Cellular studies in neuroscience are hampered by the fact that in vitro cultures of primary neurons are complex, variable and heterogeneous, making studies on cultured neurons time consuming, labour intensive and not scalable. Especially for single cell studies on synaptic transmission and cellular trafficking, this is a major limitation. Both in academia and industry, mitotic cells are commonly used as a proxy for neurons (e.g. PC12 cells). However, while being less variable and better scalable, such cells model neurons only to a limited extent. These cells make no functional contacts (synapses) and do not have the same polarized organization that neurons have, which limits the validity for studies on synaptic transmission and cellular trafficking. Most commonly prescribed drugs for brain disorders target synapses. Yet, drug screening, lead finding/optimization and safety studies build either on cells that make no synapses or on labor-intensive low-throughput assays. Hence, new, standardized, scalable assays using real (synaptic) neurons, will provide a substantial step forward both for academia and industry.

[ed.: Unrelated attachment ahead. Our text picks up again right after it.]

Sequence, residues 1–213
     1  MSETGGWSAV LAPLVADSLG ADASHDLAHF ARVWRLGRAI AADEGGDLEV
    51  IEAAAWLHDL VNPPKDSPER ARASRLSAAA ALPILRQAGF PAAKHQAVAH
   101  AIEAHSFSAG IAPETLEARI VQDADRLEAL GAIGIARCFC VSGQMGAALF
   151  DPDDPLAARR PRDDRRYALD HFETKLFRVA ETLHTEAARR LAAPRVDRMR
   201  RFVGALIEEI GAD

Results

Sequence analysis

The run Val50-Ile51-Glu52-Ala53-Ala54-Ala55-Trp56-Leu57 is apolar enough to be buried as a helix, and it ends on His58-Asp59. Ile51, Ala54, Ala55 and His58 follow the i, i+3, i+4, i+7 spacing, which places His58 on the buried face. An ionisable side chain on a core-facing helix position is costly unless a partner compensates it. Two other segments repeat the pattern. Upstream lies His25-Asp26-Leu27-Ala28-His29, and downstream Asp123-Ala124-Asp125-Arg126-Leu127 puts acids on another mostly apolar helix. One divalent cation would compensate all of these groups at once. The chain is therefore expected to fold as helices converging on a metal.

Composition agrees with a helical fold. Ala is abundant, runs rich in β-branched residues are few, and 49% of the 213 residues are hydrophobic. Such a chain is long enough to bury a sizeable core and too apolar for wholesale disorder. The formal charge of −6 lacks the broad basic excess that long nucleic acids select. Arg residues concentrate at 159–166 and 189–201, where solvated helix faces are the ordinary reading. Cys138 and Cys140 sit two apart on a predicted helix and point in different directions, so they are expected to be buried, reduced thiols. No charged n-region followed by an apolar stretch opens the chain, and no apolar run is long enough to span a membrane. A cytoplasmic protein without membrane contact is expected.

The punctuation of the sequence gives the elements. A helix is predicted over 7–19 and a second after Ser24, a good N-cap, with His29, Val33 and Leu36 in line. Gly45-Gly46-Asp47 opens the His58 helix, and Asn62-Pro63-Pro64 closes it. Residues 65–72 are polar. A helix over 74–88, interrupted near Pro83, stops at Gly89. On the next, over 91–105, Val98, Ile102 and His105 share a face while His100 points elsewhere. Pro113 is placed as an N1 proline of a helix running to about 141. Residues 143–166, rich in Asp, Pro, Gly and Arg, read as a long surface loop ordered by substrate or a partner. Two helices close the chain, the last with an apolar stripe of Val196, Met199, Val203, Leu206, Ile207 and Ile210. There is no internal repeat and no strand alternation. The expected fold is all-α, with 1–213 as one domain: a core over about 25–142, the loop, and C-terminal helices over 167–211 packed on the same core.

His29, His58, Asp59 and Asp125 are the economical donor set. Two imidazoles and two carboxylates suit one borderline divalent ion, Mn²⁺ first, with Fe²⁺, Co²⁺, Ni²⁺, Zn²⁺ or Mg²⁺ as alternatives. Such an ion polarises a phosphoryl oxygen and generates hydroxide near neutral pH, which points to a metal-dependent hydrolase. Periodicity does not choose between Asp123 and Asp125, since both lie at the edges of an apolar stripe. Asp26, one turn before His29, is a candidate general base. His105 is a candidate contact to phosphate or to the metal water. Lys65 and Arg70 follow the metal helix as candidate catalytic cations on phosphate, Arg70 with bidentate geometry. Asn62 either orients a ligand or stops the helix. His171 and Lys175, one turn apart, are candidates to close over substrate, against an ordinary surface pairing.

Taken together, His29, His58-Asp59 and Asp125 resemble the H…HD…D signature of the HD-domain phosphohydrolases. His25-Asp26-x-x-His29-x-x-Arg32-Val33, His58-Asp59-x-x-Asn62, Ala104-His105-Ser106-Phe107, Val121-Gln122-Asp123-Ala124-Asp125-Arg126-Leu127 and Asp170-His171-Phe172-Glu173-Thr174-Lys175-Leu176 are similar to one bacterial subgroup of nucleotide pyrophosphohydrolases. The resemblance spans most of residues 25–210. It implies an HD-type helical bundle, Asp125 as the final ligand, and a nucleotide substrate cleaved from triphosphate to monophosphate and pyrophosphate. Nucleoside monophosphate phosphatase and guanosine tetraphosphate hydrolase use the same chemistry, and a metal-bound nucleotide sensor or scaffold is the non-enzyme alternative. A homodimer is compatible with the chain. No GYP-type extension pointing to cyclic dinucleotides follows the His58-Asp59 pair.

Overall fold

This application aims to develop a nano-electrode chip with an electrode array to stimulate, record and image many single neurons with high-resolution, for a period up to several weeks. This approach provides imaging data at single synapse and single organelle resolution and synaptic transmission data at high-throughput. Together, this will not only facilitate and standardize cellular assays using real neurons, but also upscale throughput 100 fold. In addition to the chip itself, we also see market potential for the method (growing/recording neurons on chips) and for a fee-for-service company that offers high throughput compound screening on synaptic neurons.
Call for proposal
See other projects for this call